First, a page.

Newcomer Maya Stange leads an impressive cast line-up in Bill Bennett's (Kiss or Kill) latest feature, In a Savage Land. Playing opposite no-nonsense indie veteran Martin Donovan and rising star Rufus Sewell (Dark City) as part of a love triangle, Stange carries a lot of expectation on her young shoulders in her first feature.In a Savage Land centres on Evelyn (Stange), as she accompanies her new husband (and former teacher) Phillip Spence (Donovan) on a pre-WWII research trip to the remote New Guinean Trobriand Islands. There they study the sexual mores of a group of villagers and in doing so, are brought face to face with their own dysfunctional interactions as husband and wife.
With the amoral, swashbuckling pearl trader Mick (Sewell) thrown in as the rough-diamond type who makes Donovan appear as in-tune with the natives as a chainsaw in a sing-along, the sexual tension between Evelyn and her husband leads the young idealistic woman to set off for another island and eventually into Mick's arms.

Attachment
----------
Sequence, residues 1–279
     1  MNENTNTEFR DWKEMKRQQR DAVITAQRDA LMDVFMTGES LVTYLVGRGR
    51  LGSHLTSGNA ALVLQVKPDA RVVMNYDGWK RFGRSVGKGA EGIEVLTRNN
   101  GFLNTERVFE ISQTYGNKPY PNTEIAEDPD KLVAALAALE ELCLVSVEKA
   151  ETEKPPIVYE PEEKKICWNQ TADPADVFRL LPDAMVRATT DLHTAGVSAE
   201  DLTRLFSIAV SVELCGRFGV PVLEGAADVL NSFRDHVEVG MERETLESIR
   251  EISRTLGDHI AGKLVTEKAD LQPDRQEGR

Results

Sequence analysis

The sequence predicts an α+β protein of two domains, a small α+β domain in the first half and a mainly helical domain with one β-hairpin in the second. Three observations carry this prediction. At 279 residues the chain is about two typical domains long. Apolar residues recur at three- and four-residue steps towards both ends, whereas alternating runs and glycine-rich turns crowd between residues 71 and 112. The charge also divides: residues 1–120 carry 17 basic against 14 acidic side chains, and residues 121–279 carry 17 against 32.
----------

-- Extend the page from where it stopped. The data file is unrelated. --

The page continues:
This film assumes epic proportions, with a well researched (but at times, tritely constructed) script and storyline. In a Savage Land is essentially a film of ideas, and Bill Bennett shows no fear in tackling them all at once. Running concurrently with the theme of sexual politics are ideas of the universal role of women in society, of what constitutes a civilised society, western imperialism and its destruction of so-called primitive cultures, just to name a few. But in trying to swallow all these ideas in one gulp, In a Savage Land bites off more than it can chew, and the result is a script and plot suffering from indigestion.
With such jarring scenes as Evelyn 'turning native' (out of nowhere, and then returning to her prim and proper western guise) and the rushed plot injection of the Japanese invasion, In a Savage Land may have been better suited to the strolling pace of a TV miniseries.Great cinematography, but. ---Lachlan Gilbert